Get the highlights in your inbox every week.
4 open source alternatives to Evernote
4 open source alternatives to Evernote
Information: Whether we realize it or not, we collect a lot of it—interesting snippets, links, research for school or work, recipes, quotes, and a whole lot more.
Millions of people turn to Evernote to organize all that information. There's no denying that Evernote is a useful and powerful tool. But it's also a closed source one.
Maybe you want to take control of your information and move away from a closed, proprietary tool. Maybe you're disgruntled about the recent changes to Evernote's services. Maybe you just want to take notes the open source way. Whatever your reasons for moving away from Evernote, there are open source alternatives out there.
Let's take a look at four of those alternatives.
Before we begin, I need to point out that the four applications I look at in this article aren't feature-for-feature replacements for Evernote. They do lack some of what Evernote offers, especially mobile and desktop clients. Don't discount these applications for what they lack. Instead, look deeper and see what they can offer you.
Of the four notetaking applications I look at in this article, Paperwork is the closest to Evernote in both feel and features.
Paperwork lets you organize your notes in notebooks and tag those notes so you can easily find them. You can also attach files—like images or PDFs—to your notes. Paperwork embeds the images into the bodies of your notes, and it treats other documents (such as PDFs) like email attachments.
You can even import your notes from Evernote into Paperwork. Keep in mind, though, the import features is experimental and sometimes fails.
Laverna is a close second to Paperwork in the running for a feature-rich replacement for Evernote. You can format your notes with Markdown (a lightweight markup language that uses keyboard symbols to denote formatting). Don't worry if you don't know Markdown. You can add formatting with a click using Laverna's toolbar.
Laverna doesn't have notebooks or tags, though its search engine does a pretty good job of finding notes. On top of that, you can embed images into your notes with a couple of clicks.
Unlike the other applications I talk about in this article, Laverna has desktop clients for Linux, Mac OS, and Windows which you can download from its website. There's also a no-cost hosted version that you can access with any web browser.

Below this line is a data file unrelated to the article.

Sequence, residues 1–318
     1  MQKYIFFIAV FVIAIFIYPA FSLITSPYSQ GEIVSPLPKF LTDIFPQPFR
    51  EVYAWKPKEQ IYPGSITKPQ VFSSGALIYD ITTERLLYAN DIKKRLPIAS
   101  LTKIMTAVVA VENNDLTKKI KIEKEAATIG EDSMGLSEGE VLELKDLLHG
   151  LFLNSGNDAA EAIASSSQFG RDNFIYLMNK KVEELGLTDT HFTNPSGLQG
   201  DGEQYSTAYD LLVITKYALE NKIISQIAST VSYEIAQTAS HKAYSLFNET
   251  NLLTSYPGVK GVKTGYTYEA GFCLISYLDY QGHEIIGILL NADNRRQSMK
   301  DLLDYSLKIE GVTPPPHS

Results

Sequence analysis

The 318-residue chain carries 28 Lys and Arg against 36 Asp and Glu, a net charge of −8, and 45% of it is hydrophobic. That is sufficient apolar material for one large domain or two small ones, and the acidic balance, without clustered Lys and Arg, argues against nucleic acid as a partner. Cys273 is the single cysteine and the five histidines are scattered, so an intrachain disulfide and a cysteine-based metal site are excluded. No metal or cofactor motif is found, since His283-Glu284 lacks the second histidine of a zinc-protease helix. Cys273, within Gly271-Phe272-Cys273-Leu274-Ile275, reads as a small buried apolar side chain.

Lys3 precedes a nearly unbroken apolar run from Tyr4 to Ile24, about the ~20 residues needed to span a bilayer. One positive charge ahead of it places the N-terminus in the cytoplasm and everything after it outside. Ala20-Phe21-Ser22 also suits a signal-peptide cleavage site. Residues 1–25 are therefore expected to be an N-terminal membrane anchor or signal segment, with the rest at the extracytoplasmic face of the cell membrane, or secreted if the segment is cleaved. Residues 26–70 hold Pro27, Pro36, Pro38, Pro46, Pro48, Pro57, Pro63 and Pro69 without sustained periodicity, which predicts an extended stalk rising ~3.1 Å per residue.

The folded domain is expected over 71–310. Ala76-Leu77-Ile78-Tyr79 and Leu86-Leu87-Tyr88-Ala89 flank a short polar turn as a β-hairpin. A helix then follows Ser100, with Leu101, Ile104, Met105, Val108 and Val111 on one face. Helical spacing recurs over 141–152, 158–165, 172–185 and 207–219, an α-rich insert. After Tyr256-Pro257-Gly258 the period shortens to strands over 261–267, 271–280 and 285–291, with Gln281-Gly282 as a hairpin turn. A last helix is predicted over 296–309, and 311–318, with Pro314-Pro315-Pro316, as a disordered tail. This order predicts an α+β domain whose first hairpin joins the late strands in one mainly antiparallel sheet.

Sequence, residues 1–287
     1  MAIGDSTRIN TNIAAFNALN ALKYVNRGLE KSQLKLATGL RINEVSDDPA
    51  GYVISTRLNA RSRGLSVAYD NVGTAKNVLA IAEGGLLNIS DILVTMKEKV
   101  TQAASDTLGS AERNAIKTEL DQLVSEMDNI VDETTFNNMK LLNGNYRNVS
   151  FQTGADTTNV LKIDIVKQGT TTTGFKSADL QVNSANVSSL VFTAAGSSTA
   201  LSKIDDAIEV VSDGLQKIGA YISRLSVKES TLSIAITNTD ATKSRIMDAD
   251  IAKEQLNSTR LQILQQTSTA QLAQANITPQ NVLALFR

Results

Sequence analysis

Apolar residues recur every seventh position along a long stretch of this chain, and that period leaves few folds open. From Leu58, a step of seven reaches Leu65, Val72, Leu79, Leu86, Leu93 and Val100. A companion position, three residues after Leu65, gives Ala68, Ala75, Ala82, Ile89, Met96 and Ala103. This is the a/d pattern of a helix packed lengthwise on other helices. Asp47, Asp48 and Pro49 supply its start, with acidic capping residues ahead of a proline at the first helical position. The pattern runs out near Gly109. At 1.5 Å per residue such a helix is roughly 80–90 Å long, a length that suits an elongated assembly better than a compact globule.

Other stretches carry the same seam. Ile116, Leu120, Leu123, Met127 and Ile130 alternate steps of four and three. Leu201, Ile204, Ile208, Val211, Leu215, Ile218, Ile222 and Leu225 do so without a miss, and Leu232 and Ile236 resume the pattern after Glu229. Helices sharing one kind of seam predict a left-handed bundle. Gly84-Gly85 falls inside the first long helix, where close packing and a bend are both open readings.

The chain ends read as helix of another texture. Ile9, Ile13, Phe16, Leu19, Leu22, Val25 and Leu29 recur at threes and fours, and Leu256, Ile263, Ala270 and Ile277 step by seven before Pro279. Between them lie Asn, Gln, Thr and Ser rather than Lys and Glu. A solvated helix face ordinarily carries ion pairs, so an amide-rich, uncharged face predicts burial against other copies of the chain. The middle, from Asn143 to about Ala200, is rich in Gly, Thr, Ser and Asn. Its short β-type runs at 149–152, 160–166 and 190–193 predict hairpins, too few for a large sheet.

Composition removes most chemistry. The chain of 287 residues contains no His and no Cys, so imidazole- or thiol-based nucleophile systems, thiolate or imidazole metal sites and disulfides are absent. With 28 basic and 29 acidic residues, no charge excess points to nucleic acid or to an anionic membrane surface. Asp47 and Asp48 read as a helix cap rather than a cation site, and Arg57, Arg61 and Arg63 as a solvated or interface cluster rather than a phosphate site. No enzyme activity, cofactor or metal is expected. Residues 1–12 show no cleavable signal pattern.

Permanote is simple. In fact, it's quite barebones. It's just you and your notes.
Permanote doesn't let you collect your notes in notebooks, but it has a very good search engine. You can use tags to organize and filter your notes. It seems messy, but it works.
Like Laverna, can format your notes in Permanote using Markdown. Permanote also lets you insert images into your notes. Do that by dragging and dropping or them on the note. Permanote is pretty basic, but it does its job quite effectively.
In Brainstorm, your notes are called boards. As you create a new board, Brainstorm offers a live preview of what you're writing. Brainstorm is quite spartan and, as you can see from the screen capture below, not all that visually appealing. It's not plain, though. You format your notes with Markdown. You can't attach images to a note, but you can point to one somewhere on the web.
Brainstorm doesn't let you save a note without adding one or more tags to it. It can be annoying at first, but does make sense. Why? Brainstorm doesn't offer you a way to organize your notes nor does it have a search function.
Unlike Evernote, the four applications I discuss in this article (aside from Laverna) aren't hosted—there's no convenient link to follow to log in and use them. If you have your own server or a web hosting account and want to embrace your inner geek a bit, you can download and install each of these applications.
One of the easiest ways to use them is via Sandstorm Oasis, which describes itself as "an open source operating system for personal and private clouds." Installing these note taking tools only takes a couple of clicks, and you can access them from wherever you have an internet connection.
What's your favorite open source application for taking notes? Share your pick by leaving a comment below.